From our training in architecture school to design competitions and media influences, many architects are taught that great design means aesthetically beautiful buildings. Yet we see that the world is changing and changing quickly, and so is the definition of great design. The AIA’s newly adopted Framework for Design Excellence is based on 10 holistic principles that are the new measure of architectural success.
Among important challenges that now must be addressed are appropriate responses to climate change. These center firmly on sustainable and resilient design strategies that incorporate wellness and environmental justice, and are now the keys to success in today’s world.
Did you know that small firms make up the majority of firms in the AIA? These businesses have different cultures than larger firms, but the goals and aspirations are the same: meeting a client’s requirements, doing it on time and budget, designing to increasingly demanding criteria and delivering a quality contribution to our built environment.
Being a small firm practitioner, it can seem like projects may not matter ‘in the big picture’ and that their impact won’t make a difference. Projects might be smaller and budgets more limiting, but every project matters. And based on the data compiled from the 2030 Commitment, single family residential projects are routinely the highest performing building type, with the highest number of net zero examples.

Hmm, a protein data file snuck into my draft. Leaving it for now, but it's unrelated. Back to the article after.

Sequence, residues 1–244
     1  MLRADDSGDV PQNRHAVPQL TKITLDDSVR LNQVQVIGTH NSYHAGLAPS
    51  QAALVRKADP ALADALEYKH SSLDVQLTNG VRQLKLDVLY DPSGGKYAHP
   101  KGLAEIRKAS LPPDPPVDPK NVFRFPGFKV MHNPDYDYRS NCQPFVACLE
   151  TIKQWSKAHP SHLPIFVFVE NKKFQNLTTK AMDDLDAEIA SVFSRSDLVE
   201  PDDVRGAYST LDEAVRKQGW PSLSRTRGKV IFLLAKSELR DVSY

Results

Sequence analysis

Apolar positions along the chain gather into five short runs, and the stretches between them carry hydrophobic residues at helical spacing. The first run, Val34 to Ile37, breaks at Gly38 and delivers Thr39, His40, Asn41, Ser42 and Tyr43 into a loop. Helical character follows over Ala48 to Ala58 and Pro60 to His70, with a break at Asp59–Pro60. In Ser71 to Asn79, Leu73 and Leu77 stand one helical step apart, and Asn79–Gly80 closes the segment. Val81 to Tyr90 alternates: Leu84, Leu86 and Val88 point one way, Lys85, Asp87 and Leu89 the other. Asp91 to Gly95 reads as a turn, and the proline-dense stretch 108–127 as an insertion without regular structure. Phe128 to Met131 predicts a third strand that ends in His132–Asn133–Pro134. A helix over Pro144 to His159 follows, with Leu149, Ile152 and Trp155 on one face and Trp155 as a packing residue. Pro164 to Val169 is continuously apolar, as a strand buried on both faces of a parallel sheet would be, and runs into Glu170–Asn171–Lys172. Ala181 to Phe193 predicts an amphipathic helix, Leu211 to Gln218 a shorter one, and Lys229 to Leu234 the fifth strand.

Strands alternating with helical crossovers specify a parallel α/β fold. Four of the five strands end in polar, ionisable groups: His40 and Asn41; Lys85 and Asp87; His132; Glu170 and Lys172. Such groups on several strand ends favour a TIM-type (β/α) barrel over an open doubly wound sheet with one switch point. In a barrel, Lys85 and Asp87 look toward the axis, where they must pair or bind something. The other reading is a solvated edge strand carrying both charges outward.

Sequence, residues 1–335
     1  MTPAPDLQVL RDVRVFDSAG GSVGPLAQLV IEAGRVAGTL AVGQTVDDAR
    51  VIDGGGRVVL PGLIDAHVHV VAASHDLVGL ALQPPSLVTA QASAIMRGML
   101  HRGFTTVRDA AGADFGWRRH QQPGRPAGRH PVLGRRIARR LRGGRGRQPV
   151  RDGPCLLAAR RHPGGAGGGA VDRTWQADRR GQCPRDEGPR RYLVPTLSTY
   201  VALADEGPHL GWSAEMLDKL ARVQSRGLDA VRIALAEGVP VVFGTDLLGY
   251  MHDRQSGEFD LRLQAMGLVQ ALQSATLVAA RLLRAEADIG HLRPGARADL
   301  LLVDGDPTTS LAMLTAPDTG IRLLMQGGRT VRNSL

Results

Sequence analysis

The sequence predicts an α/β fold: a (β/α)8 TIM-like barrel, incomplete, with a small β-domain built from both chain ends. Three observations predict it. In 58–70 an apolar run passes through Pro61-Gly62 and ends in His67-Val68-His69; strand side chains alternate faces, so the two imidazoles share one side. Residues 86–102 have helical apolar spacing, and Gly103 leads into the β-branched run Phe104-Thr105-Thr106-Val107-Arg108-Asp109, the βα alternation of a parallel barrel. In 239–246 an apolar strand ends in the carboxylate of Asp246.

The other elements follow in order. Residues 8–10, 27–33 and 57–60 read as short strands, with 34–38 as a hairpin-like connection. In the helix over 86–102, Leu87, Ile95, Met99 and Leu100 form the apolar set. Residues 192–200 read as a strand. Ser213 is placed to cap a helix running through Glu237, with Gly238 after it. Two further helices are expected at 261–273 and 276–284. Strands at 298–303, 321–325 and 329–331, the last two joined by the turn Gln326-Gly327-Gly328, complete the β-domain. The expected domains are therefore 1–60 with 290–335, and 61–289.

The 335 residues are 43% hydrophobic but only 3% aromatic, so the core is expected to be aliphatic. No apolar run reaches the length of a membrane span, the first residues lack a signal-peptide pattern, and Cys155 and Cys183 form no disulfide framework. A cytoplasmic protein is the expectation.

Taken as a whole, projects that smaller firms produce have an enormous impact. Unless small firms engage in the solutions that are urgently needed today, our profession will miss the opportunity to demonstrate the positive influence and impact created when all architects contribute to solutions at all scales.
Implementing the Framework for Design Excellence may seem daunting. However, you are likely already implementing some of the Framework’s principals. With each new project, you can explore implementing additional principals as appropriate.
One of the AIA’s newest board committees is the Committee on Climate Action and Design Excellence (CCADE), which assists other AIA groups in integrating the Framework for Design Excellence. This lead-by-example approach will help small firms across the country discover practical ways to implement sustainability and resilience, providing an excellent opportunity to add value to your clients and their projects.
The AIA needs you to engage in this effort— every individual at every firm of every size. Success will happen when we are all focused on the same goal. Architects are uniquely qualified to meet and lead the challenges of a changing world that will only continue to evolve. Let’s go!